The title of a new book by Jonathan Last on the declining fertility rates in America and the negative impacts this will have on American society and economy. Here is Last writing in the Wall Street Journal:
The fertility rate is the number of children an average woman bears over the course of her life. The replacement rate is 2.1. If the average woman has more children than that, population grows. Fewer, and it contracts. Today, America's total fertility rate is 1.93, according to the latest figures from the Centers for Disease Control and Prevention; it hasn't been above the replacement rate in a sustained way since the early 1970s.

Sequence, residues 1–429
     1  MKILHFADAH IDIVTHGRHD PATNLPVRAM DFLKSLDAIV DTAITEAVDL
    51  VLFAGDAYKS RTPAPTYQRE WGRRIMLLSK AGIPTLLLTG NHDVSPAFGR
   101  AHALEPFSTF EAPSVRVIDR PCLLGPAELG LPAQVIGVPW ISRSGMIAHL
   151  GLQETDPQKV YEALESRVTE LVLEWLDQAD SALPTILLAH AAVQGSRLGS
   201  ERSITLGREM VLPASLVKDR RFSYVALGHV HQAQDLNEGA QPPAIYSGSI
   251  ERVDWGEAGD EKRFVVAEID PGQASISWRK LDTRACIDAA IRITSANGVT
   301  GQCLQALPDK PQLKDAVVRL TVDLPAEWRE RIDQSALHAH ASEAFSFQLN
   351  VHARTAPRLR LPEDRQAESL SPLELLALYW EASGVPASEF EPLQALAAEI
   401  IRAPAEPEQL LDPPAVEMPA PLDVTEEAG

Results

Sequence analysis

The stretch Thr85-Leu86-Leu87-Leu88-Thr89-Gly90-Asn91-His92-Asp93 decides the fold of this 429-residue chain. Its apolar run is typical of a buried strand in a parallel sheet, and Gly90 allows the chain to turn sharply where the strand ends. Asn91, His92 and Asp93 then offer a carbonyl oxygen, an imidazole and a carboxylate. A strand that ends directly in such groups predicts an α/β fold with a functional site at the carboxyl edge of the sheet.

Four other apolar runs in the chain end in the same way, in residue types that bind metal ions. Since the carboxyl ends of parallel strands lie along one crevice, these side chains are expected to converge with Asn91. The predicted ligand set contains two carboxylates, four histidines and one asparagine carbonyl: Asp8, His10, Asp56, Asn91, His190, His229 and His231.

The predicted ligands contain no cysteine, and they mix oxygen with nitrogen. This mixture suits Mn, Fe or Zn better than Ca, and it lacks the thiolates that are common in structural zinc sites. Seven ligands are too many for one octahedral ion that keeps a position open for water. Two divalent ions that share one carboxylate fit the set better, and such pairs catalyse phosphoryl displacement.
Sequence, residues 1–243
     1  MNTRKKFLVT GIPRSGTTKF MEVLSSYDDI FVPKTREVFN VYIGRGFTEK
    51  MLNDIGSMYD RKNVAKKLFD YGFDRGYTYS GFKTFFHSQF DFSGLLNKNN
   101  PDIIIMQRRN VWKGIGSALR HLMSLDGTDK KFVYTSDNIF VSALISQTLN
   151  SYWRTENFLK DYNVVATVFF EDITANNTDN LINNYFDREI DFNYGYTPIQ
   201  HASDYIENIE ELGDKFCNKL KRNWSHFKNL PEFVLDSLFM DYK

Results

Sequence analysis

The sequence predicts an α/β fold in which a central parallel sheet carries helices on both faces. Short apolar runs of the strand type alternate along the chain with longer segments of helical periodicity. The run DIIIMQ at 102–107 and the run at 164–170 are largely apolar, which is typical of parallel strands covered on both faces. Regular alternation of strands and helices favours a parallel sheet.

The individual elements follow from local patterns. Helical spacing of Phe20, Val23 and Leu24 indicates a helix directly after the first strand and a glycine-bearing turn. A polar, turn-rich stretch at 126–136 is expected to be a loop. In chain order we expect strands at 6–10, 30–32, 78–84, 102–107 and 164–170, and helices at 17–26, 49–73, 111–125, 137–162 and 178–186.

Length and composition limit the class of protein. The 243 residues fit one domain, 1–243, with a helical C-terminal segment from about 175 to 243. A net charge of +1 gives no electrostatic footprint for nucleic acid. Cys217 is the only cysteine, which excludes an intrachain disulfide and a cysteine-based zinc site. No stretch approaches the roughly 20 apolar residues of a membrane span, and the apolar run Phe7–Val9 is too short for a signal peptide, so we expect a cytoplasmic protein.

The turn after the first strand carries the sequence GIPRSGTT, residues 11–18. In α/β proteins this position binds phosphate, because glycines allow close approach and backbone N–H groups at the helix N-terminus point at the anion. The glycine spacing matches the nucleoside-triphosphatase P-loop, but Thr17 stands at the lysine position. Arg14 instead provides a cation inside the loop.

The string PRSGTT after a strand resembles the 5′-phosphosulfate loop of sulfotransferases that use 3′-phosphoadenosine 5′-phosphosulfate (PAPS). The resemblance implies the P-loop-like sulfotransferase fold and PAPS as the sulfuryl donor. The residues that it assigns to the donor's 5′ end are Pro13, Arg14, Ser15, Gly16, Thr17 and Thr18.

The nation's falling fertility rate underlies many of our most difficult problems. Once a country's fertility rate falls consistently below replacement, its age profile begins to shift. You get more old people than young people. And eventually, as the bloated cohort of old people dies off, population begins to contract. This dual problem—a population that is disproportionately old and shrinking overall—has enormous economic, political and cultural consequences...
Low-fertility societies don't innovate because their incentives for consumption tilt overwhelmingly toward health care. They don't invest aggressively because, with the average age skewing higher, capital shifts to preserving and extending life and then begins drawing down. They cannot sustain social-security programs because they don't have enough workers to pay for the retirees. They cannot project power because they lack the money to pay for defense and the military-age manpower to serve in their armed forces.Read the whole thing.
(HT Tyler Cowen)